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Home / Neighborhood / Los Angeles / LA County: No evidence to support Vanessa Bryant’s claim of emotional distress

LA County: No evidence to support Vanessa Bryant’s claim of emotional distress

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By Fred Shuster

Attorneys for Los Angeles County argued in a court filing Monday that Vanessa Bryant’s claim of emotional distress caused by the alleged sharing of photos taken at the scene of the helicopter crash that killed Kobe Bryant, the couple’s 13-year-old daughter and seven others is based on “hypothetical harm” since the images were never publicly circulated.

In the motion asking a judge to dismiss the lawsuit, the county says that it is “undisputed that the complained-of photos have never been in the media, on the Internet, or otherwise publicly disseminated.” Consequently, Bryant’s claim of “having to fear those photographs surfacing” does not constitute grounds for the suit, the county alleges.

A “preemptive, speculative lawsuit about what `may’ or `could’ happen” fails as a matter of law, since there’s no standing to sue for “hypothetical harm,” the county contends, adding that while Bryant “paints a nefarious picture,” the facts do not support it.

Bryant’s attorneys have not yet responded to the motion. A hearing is scheduled for Dec. 27 in Los Angeles federal court. Trial is set for Feb. 22, if the case goes forward.

In her complaint, Bryant alleges the county — through its sheriff’s and fire departments — violated her rights by taking and sharing photos of the Jan. 26, 2020 helicopter crash site. One of her allegations is that Sheriff Alex Villanueva, in order to protect himself in the event of a lawsuit, ordered that evidence be deleted from the phones of deputies who may have possession of crash scene images.

In a deposition, Villanueva testified that he told his personnel to get rid of the photos in order to ensure the graphic images were not shared, which would cause additional harm to the suffering families of the victims, according to county attorneys.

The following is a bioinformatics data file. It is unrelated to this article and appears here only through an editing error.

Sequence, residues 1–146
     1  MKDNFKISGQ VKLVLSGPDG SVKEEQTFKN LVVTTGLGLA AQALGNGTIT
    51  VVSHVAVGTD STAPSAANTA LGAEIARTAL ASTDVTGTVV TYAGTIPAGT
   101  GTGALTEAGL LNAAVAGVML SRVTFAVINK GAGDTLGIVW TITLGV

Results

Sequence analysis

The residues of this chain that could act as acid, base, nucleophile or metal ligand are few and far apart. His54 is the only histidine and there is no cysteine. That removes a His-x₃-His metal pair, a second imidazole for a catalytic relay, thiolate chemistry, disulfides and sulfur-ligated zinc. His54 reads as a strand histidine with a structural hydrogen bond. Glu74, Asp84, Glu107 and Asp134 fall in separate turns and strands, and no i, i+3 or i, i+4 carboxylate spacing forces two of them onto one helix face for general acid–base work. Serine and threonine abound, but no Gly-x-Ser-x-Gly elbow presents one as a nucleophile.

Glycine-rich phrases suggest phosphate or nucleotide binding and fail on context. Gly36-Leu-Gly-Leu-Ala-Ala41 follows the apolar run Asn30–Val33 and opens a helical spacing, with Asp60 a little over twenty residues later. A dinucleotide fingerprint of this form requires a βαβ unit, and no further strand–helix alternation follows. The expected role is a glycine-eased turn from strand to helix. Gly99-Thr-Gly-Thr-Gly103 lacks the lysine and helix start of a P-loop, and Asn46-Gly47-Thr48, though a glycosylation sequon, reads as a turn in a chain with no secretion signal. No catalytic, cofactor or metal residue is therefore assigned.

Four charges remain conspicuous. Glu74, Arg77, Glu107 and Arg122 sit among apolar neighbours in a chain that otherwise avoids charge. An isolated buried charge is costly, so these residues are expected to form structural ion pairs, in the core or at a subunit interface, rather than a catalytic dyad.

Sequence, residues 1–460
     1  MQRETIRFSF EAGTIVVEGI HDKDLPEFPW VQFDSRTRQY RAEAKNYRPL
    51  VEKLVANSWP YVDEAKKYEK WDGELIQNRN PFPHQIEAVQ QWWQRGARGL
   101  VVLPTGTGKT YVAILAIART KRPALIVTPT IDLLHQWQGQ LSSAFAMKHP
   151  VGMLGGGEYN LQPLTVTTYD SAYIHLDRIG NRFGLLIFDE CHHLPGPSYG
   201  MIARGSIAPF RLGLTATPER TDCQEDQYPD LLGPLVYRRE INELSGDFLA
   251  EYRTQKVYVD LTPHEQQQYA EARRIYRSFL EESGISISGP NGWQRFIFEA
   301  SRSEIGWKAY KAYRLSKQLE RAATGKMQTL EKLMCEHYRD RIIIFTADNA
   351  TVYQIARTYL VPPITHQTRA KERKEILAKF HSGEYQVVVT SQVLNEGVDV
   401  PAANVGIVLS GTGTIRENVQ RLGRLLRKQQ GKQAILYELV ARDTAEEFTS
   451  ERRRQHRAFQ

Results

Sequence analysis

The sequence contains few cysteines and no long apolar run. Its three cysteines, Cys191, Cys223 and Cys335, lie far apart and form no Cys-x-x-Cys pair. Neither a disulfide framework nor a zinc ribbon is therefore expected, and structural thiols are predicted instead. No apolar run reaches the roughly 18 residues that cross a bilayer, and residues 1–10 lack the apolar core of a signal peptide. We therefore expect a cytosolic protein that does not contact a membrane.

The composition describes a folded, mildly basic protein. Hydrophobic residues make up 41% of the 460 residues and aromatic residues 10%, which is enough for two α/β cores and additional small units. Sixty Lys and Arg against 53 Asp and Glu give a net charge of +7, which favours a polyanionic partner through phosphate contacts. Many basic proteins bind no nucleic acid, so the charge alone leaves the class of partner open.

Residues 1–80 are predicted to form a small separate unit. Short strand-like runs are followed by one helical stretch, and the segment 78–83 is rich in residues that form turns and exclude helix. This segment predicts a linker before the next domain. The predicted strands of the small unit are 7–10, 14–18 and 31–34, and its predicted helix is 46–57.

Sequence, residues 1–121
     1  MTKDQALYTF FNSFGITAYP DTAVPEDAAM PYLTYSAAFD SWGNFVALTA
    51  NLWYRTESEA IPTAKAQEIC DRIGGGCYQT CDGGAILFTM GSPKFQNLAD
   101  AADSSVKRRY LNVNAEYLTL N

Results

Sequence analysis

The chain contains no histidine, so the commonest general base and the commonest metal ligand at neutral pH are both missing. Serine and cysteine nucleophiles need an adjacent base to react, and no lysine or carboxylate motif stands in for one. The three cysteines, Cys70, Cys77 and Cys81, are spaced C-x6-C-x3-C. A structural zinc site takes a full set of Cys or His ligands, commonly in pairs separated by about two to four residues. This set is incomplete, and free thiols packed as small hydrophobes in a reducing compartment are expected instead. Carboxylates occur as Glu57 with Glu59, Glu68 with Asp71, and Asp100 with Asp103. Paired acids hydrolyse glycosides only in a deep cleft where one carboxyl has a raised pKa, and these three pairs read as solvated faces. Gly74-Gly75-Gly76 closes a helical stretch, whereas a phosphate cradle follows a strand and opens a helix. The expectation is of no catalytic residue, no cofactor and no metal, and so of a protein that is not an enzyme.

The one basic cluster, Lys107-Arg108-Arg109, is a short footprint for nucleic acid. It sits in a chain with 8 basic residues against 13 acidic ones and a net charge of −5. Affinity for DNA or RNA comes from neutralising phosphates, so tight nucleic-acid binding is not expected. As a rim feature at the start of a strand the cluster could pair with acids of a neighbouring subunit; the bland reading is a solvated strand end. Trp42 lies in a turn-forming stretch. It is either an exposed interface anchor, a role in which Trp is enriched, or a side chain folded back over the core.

“I can tell you this,” the sheriff is quoted as saying in the deposition. “That the problem at hand was images getting out and harming the families. I make decisions based on the immediate threat, which is a harm that those pictures can cause to the family. I don’t make a decision based on I might get sued six months later. That’s preposterous.”

Attorneys for Bryant are urging the judge to penalize the county for the destruction of photos taken at the site, but the judge has not yet ruled on that motion.

According to Bryant’s motion for sanctions, members of the Los Angeles County Sheriff’s Department who were among first responders, improperly destroyed cellphone photos at the direction of Villanueva, who knew he was required to preserve such potential evidence.

“That order was highly irregular — unprecedented in deputies’ experience — and out of the chain of command. When a captain complained, the sheriff demoted him,” attorneys for Bryant argued.

In a win for the county, U.S. Magistrate Judge Charles Eick ruled that Bryant must turn over her mental health records for the past 11 years, which attorneys for Los Angeles County contend are needed to fighting the lawsuit.

Bryant attorney Mari Saigal alleged in court papers that the effort to get the records “should be seen for what it is: an attempt to bully Mrs. Bryant into dropping her case to avoid her private therapy records being brandished in open court and reported on by media outlets.”

The NBA legend’s widow is seeking millions of dollars in damages for the severe emotional distress she alleges suffering after discovering that sheriff’s deputies snapped and shared gruesome photos of the helicopter crash scene.

In the new filing, the county contends there’s no evidence that “death images” were shared within the sheriff’s or fire departments. When allegations of improper photo sharing surfaced, “they took appropriate action. Every action was aimed at preventing harm, not causing it,” according to the document.

“Contrary to plaintiff’s claims, the photographs did not focus on the remains of any of the victims but were general views of the crash scene that first responders and investigators typically use to assess the damage caused by tragic accidents such as this one,” according to an earlier county document.

“None of the photographs were sent to anyone outside the county, nor were they publicly disseminated.”

The county alleges that the plaintiff’s emotional distress resulted from the loss of family members, not the photos, which Bryant has never seen and only learned about from newspaper reports.

“The County of Los Angeles and its governing Board of Supervisors have great sympathy for Plaintiff Vanessa Bryant and her tragic loss,” the Monday filing states. “They reiterate their condolences. It was a horrific accident that took nine innocent lives. But the County did not cause it. County personnel worked tirelessly to protect the crash site, identify the victims, and notify the families. As for this lawsuit, it is without legal merit and should be dismissed.”

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